Sowder v. Sowder

Annotate this Case

136 N.W.2d 231 (1965)

179 Neb. 29

Maxyne M. SOWDER, Appellee, v. Michael R. SOWDER, Appellant.

No. 35912.

Supreme Court of Nebraska.

July 9, 1965.

Max A. Powell, Rohn & Rohn, Fremont, for appellant.

Wagner & Johnson, Columbus, for appellee.


SMITH, Justice.

A divorce decree in favor of Maxyne M. Sowder is challenged with the propositions that her husband Michael is entitled to a divorce and that the alimony award is excessive.

This second marriage for both parties commenced December 28, 1958. At the time of trial Maxyne was 47 years of age, *232 Michael, 40. They have no children by the second marriage, but three of Maxyne's daughters by a previous marriage were supported by Michael while they were living with the parties.

The finding of fault is correct. Michael angrily struck Maxyne on a number of occasions. Corroboration was supplied by one daughter and by a physician. Some violence was admitted.

Perhaps Maxyne's conduct was less than exemplary. Certainly it was much less than cruel. We see no cause to lay blame on her for sexual incompatibility.

Quarrels over tidiness of the home and discipline of the daughters have been magnified beyond all proportion. We can hardly set a standard of perfection for the performance of marital duties.

In its decree the district court awarded Maxyne $7,500 alimony payable in monthly installments of $125, a 1962 Rambler automobile, and $400 for services of counsel. It divided miscellaneous personal property between the parties.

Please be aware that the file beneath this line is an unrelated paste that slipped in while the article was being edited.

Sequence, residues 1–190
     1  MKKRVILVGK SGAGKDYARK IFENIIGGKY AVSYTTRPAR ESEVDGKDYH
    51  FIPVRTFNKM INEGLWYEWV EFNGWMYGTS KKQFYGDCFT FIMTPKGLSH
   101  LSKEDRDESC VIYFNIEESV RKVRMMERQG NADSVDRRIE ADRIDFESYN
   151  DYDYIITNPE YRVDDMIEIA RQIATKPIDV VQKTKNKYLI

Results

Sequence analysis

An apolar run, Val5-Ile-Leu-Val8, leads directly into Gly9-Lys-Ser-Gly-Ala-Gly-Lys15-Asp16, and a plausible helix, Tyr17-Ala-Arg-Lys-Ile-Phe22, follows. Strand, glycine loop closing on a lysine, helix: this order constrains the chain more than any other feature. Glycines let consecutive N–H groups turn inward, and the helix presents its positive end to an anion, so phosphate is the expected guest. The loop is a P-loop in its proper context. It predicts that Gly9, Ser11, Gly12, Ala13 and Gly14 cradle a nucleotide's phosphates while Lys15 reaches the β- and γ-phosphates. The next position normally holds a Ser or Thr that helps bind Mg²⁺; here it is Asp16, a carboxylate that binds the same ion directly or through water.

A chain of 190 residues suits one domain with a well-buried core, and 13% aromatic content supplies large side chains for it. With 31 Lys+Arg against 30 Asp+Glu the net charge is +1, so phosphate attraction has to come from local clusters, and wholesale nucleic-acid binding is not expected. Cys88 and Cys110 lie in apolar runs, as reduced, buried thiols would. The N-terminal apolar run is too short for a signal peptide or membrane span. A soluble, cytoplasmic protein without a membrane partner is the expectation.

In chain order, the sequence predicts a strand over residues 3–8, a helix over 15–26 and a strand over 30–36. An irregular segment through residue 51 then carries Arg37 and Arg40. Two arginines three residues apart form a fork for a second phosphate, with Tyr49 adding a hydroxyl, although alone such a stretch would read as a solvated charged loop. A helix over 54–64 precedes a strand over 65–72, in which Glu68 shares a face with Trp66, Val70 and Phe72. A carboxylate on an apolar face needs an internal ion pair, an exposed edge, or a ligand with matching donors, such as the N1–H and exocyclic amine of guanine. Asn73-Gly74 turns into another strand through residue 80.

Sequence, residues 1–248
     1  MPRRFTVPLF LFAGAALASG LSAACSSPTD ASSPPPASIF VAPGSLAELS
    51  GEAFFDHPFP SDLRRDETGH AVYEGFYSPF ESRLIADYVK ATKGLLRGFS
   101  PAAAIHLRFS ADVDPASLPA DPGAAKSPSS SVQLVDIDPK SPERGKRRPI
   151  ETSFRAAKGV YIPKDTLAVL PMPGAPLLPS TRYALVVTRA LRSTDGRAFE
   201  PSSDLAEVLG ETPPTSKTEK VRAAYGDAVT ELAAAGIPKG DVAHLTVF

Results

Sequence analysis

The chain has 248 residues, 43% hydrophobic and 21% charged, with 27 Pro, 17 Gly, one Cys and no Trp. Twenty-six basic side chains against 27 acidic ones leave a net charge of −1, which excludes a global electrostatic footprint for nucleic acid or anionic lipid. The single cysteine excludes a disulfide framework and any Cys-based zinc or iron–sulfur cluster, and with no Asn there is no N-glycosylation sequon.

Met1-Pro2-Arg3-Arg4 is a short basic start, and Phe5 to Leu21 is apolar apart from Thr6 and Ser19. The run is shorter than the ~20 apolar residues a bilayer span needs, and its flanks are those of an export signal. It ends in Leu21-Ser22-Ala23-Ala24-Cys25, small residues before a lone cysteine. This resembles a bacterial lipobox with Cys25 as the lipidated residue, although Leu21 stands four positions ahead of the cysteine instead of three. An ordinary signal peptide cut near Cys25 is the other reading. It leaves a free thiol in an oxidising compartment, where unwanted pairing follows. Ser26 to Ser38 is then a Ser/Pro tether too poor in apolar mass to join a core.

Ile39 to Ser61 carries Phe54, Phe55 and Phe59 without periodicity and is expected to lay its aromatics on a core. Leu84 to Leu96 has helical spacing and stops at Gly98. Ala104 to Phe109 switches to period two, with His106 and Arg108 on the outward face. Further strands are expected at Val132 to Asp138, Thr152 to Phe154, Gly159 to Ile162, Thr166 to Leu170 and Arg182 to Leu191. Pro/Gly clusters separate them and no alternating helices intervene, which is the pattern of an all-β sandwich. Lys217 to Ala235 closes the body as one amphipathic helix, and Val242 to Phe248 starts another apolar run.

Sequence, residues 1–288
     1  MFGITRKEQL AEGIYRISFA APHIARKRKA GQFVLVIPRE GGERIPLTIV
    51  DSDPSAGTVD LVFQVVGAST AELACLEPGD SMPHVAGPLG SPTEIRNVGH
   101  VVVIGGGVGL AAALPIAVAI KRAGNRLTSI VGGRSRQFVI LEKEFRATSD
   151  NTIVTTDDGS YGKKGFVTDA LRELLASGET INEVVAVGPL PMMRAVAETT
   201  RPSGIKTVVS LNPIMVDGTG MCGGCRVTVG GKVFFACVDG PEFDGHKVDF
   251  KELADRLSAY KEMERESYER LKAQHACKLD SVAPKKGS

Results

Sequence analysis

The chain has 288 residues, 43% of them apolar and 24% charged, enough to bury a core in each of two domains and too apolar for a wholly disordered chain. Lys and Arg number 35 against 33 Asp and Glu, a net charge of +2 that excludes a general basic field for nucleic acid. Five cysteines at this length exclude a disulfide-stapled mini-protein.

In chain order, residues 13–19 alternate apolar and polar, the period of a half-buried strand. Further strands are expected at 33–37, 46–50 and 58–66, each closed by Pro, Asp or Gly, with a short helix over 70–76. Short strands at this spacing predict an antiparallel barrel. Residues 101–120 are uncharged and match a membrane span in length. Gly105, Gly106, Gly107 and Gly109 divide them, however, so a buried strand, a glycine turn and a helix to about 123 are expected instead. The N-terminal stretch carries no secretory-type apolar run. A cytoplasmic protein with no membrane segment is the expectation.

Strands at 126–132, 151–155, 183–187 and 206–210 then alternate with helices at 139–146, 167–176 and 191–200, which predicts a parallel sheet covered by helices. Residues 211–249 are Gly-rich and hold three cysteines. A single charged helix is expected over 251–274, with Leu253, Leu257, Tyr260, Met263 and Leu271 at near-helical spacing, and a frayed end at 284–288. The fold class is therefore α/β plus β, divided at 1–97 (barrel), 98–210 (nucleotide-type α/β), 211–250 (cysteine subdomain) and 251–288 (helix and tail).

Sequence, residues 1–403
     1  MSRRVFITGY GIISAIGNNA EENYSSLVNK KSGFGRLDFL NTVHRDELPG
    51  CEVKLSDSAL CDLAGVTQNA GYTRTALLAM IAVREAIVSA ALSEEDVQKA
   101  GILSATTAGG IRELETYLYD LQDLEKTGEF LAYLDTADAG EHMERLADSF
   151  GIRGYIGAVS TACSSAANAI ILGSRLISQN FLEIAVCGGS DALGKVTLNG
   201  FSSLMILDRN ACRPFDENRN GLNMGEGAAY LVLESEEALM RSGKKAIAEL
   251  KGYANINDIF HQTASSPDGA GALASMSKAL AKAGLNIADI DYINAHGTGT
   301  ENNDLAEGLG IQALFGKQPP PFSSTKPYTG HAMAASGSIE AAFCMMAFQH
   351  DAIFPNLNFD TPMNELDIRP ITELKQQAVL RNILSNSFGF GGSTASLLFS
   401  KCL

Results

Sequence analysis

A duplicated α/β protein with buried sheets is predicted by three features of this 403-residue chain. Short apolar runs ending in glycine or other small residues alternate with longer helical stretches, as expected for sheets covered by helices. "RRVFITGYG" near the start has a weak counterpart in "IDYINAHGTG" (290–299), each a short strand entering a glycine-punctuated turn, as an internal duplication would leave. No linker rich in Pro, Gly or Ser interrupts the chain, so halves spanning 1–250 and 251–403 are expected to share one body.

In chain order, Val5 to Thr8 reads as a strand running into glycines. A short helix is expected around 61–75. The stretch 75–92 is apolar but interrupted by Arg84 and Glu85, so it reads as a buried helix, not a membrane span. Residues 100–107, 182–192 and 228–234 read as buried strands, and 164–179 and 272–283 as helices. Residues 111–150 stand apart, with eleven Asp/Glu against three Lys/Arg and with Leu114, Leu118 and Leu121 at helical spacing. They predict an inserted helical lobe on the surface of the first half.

Michael is an accountant whose annual income exceeded $16,000 during the period 1961-1963. At the trial in July 1964, he predicted a substantial decrease for that year; but only a temporary reduction can be structured on his industry and prior earnings.

Balance sheets, which were prepared on cost basis with reserves for depreciation of some assets, show his net worth on December 31, 1958, to have been $8,639.65, and on April 21, 1964, $21,276.29. Adjustments for disparities between cost and value of real estate and for the cash value of insurance policies result in a 1964 valuation of approximately $21,000. Not included are his obligations for alimony and child support under a prior divorce decree. In 1964 alimony of $11,900 was payable in installments over the next 10 years, and child support of $7,425 was payable in installments over the next 5 years.

Maxyne brought to the marriage no property of consequence, and she has not contributed directly to the accumulation. A deficiency of technical skill no doubt will restrict her in the labor market.

The allowance by the district court is excessive if we disregard Michael's earning capacity. This we may not do. See Hefti v. Hefti, 166 Neb. 181, 88 N.W.2d 231. The award is reasonable.

The judgment is affirmed and Maxyne is allowed $250 for services of her counsel in this court.